Volume 10 • Issue 1 • Politics & Education

Statement of the Problem Politics and education have a well-established and interdependent relationship. The influence of politics on education often occurs both individually and institutionally. Politics play a factor in the way individuals engage in the classroom and exerts control over the educational institutions in which they occupy. In doing so, politics wield power over the decision making of both parties. Although this has been suggested, scholars disagree on what politics in education looks like and how to define it. Scholars’ thoughts on this relationship range from politics being non-existent in the classroom (Crick, 2013), to not being able to separate politics from the classroom (Fine, 1993), through the introduction of theories like organizational theory and political scholars (Bacharach & Mundell, 1993). Largely, the relationship between politics and education can fall under two areas: micro (individuals and/or small groups using power to make decisions) and macro (district, state, federal-level decision-making). The Call: As a result of disharmony, determining the purpose of education is often left to government leaders, rather than educational experts and consumers. Zion and Blanchett (2017) described four various interest themes that are embedded in US education: Egalitarian, economic, civic, and humanistic. These four themes in education represent the P-20 spectrum in a number of ways and also breakdown political interest areas. The Journal of Critical Thought and Praxis invited submissions for a special issue focused on politics and education that fell under the above four themes.

Letter from the Editor


Letter from the Editor

Katie Anthony

2020-11-04 Volume 10 • Issue 1 • Politics & Education

Poetry


Black Bodies/Whiteness Infringed-Yet Still We Rise

Angeline Dean

2020-11-04 Volume 10 • Issue 1 • Politics & Education

Article


Developing Political Activity as if the World is on Fire

Atasi Das, LaToya Strong, Susan McCullough and Jennifer D. Adams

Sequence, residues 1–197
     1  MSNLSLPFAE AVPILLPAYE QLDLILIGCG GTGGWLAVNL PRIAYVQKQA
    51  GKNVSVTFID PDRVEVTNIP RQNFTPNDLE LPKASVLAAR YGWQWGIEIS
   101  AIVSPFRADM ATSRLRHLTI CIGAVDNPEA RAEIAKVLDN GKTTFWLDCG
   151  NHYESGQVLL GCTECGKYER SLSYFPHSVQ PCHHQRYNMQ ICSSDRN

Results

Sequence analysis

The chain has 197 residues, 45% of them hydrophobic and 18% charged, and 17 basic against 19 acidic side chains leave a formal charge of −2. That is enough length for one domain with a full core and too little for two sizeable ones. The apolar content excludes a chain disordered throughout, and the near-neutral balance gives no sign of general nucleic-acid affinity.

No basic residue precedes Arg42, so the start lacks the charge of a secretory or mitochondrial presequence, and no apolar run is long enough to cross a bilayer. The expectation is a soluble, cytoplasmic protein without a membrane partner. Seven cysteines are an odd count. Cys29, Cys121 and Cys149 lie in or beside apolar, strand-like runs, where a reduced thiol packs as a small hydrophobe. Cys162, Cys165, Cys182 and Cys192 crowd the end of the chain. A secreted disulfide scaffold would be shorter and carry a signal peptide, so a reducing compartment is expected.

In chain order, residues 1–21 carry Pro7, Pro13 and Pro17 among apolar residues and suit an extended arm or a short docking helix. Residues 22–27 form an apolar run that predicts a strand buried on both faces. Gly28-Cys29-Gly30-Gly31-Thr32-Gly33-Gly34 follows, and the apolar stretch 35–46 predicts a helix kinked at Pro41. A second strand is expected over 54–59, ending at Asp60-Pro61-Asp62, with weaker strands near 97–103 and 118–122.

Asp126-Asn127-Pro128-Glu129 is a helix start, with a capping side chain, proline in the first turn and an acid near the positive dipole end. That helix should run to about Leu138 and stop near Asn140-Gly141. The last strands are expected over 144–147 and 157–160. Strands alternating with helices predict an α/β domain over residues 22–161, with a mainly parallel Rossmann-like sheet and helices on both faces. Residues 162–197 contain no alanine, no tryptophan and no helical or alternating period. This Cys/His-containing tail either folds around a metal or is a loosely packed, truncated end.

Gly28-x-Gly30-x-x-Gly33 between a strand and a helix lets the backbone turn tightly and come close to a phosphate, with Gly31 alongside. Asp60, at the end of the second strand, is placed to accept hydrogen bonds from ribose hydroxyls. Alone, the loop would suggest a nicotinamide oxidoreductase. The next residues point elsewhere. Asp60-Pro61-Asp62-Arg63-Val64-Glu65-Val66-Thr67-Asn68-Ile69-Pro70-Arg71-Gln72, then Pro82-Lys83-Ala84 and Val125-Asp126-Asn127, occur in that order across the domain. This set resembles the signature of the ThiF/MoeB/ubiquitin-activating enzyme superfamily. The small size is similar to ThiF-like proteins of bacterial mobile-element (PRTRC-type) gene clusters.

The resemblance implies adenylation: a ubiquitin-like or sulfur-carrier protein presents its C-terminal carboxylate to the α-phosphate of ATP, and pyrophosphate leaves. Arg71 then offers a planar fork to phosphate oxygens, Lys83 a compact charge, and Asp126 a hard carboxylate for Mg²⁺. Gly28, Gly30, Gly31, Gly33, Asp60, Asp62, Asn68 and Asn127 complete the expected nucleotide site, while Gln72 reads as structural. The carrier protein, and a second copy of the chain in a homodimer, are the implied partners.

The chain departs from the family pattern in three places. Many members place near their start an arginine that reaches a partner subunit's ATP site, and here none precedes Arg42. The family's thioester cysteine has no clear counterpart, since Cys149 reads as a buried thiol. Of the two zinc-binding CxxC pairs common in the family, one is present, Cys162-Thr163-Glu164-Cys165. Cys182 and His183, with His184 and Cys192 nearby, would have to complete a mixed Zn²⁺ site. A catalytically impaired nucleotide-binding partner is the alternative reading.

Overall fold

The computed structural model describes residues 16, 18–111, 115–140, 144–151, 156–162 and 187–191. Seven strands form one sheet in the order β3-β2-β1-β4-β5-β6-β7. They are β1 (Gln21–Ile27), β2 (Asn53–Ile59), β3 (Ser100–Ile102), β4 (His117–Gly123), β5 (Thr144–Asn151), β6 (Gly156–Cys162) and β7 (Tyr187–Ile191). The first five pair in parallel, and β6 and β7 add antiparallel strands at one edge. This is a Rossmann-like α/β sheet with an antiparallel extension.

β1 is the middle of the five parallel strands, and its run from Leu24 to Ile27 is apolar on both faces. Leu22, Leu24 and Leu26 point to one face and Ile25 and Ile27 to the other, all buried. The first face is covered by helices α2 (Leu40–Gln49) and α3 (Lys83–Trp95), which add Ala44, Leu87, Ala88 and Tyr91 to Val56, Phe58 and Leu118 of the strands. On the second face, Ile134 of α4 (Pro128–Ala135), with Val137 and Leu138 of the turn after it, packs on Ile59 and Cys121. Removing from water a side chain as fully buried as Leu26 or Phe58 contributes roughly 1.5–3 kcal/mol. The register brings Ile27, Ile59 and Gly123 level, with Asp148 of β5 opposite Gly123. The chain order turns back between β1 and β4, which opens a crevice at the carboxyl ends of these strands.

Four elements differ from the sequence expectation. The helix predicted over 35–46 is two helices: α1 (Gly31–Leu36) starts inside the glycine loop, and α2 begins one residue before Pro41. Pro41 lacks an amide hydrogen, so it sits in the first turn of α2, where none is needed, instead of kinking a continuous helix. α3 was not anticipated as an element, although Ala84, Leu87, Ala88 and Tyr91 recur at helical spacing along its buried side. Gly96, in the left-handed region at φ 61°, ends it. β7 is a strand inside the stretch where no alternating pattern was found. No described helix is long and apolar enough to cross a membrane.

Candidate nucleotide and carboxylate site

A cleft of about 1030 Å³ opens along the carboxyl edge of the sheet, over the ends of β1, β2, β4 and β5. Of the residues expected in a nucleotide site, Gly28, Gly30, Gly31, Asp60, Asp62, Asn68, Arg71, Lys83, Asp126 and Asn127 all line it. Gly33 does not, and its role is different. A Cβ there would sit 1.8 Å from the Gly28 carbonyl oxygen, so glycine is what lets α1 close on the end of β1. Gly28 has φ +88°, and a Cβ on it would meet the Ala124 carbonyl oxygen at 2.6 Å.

2020-11-04 Volume 10 • Issue 1 • Politics & Education

(Special) Education is Political; (Special) Education is Social Justice

Lilly Padia and Rachel E Traxler

2020-11-04 Volume 10 • Issue 1 • Politics & Education

The Influence of the Language of Courts on Educational Opportunities for Students with Disabilities

Kerry Cormier

2020-11-04 Volume 10 • Issue 1 • Politics & Education

Humanity is Not a Thing: Disrupting white Supremacy in K-12 Social Emotional Learning

Riley Drake and Alicia Oglesby

2020-11-04 Volume 10 • Issue 1 • Politics & Education

Institutional Racism and Campus Racial Climate: Struggles for Sense of Belonging and Academic Success Among Black Students in the K-12 Public Schools

Evelyn U Ezikwelu

2020-11-04 Volume 10 • Issue 1 • Politics & Education

Radicalized on Campus? (Un)Coded Whiteness as Campus Social Movement

Nicholas Francis Havey

2020-11-04 Volume 10 • Issue 1 • Politics & Education

“The Trump Effect”: How Does it Impact International Student Enrollment in U.S. Colleges?

Nicole L Hacker and Eric Bellmore

2020-11-04 Volume 10 • Issue 1 • Politics & Education

Brokering Inequity: Knowledge Distribution as Policy Limitation

Jesslyn Roebuck Hollar

2020-11-04 Volume 10 • Issue 1 • Politics & Education

Economy and STEM Education Policy: Towards a Bidirectional STEM Pipeline

Matthew James Shackley

2020-11-04 Volume 10 • Issue 1 • Politics & Education

Opportunity for Whom? Understanding Curriculum-Oriented Out-of-School Time Math Learning

Ming Yin

2020-11-04 Volume 10 • Issue 1 • Politics & Education

Book Review


Review of Developing Teacher Leaders in Special Education: An Administrator’s Guide to Building Inclusive Schools

Hind Alharbi

2020-11-04 Volume 10 • Issue 1 • Politics & Education